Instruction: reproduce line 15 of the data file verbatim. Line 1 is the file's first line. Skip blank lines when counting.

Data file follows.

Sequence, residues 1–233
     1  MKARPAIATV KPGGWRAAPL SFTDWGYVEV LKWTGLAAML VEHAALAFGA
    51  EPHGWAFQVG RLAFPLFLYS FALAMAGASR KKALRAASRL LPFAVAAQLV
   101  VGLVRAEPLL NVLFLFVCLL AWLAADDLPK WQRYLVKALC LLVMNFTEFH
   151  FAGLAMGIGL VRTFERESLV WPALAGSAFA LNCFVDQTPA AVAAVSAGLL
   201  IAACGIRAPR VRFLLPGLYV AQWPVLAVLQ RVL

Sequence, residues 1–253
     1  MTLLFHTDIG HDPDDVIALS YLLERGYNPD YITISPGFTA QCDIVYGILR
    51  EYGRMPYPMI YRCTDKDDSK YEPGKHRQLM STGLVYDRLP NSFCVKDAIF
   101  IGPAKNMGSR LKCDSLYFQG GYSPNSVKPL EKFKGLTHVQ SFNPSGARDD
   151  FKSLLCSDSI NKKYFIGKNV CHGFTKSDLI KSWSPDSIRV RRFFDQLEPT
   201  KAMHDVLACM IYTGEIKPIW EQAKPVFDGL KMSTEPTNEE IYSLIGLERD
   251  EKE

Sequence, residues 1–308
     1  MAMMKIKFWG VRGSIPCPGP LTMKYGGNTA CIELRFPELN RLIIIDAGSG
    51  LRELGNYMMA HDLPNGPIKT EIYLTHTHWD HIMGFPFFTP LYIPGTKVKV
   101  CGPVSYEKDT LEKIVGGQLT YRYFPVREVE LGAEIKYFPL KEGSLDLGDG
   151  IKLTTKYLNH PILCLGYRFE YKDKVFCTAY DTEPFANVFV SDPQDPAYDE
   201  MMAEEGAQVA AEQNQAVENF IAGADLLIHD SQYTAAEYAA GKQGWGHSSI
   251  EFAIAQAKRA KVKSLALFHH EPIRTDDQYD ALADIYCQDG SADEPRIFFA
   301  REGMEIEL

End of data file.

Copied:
     1  MAMMKIKFWG VRGSIPCPGP LTMKYGGNTA CIELRFPELN RLIIIDAGSG